If you were suffering from depression, you obviously weren’t being a good Christian, so you hid it. You put a smile on so no one could find out.
This really fucked me up. Whenever I felt down, I’d pray and pretend everything was better. But it never was. It never got better.
I kept things buried down, simmering out of sight, just waiting to explode. I’d have outbursts of emotion: anger, fear, sadness, doubt.
My self-worth and confidence became non-existent and still I buried it down. I tried to keep it hidden from everyone. I didn’t want people to worry. I didn’t want to be shunned.
This, of course, was extraordinarily bad for my mental health. I ended up on medication, which I hated because it made me feel empty. The medication wasn’t my lowest point. That came in October of 2006.
I was 16, still attending church where I was seen as a youth leader and active in my school’s student council.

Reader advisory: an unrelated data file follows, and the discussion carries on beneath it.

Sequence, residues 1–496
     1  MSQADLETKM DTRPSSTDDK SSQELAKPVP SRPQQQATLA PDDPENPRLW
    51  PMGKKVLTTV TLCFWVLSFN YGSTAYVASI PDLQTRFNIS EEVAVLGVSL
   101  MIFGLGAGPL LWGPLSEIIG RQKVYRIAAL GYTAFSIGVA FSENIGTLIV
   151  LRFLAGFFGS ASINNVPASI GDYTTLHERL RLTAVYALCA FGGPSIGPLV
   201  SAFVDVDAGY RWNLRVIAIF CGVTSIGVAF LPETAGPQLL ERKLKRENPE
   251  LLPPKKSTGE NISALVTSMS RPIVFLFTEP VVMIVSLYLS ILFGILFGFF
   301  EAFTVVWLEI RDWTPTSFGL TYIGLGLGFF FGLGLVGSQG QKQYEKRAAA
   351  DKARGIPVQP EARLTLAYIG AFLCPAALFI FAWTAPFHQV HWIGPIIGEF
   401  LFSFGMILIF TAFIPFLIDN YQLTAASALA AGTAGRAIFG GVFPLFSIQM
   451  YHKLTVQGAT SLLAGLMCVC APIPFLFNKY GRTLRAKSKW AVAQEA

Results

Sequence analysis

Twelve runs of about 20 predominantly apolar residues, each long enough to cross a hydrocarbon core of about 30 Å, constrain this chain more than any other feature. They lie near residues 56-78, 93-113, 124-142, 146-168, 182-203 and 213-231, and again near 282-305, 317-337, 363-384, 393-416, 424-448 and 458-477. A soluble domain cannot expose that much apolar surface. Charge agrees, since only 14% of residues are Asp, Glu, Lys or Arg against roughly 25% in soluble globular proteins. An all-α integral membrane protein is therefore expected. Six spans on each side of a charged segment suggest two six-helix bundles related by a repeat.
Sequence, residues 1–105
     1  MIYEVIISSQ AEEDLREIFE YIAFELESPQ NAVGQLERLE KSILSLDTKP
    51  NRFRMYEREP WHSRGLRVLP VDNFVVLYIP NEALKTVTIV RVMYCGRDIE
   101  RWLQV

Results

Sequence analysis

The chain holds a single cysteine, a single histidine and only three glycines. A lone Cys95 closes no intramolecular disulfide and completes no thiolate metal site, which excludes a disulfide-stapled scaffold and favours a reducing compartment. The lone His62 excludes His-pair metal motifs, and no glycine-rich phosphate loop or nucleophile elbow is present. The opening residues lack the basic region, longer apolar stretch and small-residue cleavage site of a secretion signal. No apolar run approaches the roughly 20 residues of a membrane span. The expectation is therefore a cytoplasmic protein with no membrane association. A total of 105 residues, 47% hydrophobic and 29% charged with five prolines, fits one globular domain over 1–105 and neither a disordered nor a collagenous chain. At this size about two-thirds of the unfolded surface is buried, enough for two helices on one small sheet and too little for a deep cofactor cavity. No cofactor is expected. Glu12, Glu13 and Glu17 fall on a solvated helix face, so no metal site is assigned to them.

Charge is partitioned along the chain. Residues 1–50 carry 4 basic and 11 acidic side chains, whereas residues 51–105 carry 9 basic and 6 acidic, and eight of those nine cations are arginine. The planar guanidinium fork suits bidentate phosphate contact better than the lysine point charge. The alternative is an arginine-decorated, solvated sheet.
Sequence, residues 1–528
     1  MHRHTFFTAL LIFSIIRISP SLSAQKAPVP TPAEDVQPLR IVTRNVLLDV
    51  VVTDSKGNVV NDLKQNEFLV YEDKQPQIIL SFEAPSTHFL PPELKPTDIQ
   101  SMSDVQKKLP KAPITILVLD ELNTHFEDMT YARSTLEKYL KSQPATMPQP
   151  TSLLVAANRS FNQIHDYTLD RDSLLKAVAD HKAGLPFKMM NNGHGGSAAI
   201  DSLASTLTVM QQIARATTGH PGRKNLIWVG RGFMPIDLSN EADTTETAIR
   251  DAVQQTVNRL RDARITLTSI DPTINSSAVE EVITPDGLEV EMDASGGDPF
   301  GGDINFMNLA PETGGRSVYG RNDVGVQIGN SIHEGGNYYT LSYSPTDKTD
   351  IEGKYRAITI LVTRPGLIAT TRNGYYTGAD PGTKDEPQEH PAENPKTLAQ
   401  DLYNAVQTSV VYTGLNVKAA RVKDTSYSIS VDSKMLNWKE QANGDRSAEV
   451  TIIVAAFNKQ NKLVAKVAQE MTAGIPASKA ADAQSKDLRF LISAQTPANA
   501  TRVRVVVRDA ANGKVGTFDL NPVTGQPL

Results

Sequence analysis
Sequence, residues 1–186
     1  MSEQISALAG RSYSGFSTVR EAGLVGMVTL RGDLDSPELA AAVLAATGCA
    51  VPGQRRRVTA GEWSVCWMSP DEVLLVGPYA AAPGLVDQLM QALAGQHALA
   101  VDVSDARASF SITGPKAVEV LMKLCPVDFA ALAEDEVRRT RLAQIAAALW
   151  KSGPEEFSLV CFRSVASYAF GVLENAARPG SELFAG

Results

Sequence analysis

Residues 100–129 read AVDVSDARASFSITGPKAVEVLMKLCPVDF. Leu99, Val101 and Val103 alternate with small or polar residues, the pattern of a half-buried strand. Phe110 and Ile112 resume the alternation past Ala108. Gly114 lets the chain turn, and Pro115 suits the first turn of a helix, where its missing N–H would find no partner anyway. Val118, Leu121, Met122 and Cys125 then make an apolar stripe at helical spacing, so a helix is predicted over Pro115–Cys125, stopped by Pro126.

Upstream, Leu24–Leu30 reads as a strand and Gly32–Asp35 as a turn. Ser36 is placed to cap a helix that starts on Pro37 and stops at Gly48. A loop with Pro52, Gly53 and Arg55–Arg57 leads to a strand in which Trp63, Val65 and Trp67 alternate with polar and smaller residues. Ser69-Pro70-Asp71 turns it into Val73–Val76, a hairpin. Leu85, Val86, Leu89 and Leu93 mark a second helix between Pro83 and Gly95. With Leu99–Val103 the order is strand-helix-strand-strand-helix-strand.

I wasn’t the most popular kid, but the various cliques liked me. My days of being constantly bullied were behind me and, to others, my life seemed good.
The fact that every second was all out warfare in my mind was not evident. My feelings and problems were mine, dammit. I took in everyone’s problems, but never let anyone know mine. I had to be strong for everyone. That was my job.
Jesus could take my burden, I would take everyone else’s. I became more and more depressed and worn out. I wanted to escape but didn’t know how. I thought suicide was a legitimate option.
So, I decided to do it. I started cleaning before my parents went out, so I had music playing as I always did. After they left, I was ready. I won’t go into the details, but something happened that stayed my hand: a song started playing.
The song was “Zero” by Hawk Nelson. It’s about the affect suicide has on everyone else. Words have always held power to me and these words froze me. I wept. At the end of the song, I collapsed and cried for a long time.
There have been many times I’ve regretted not following through that day, but I never tried again.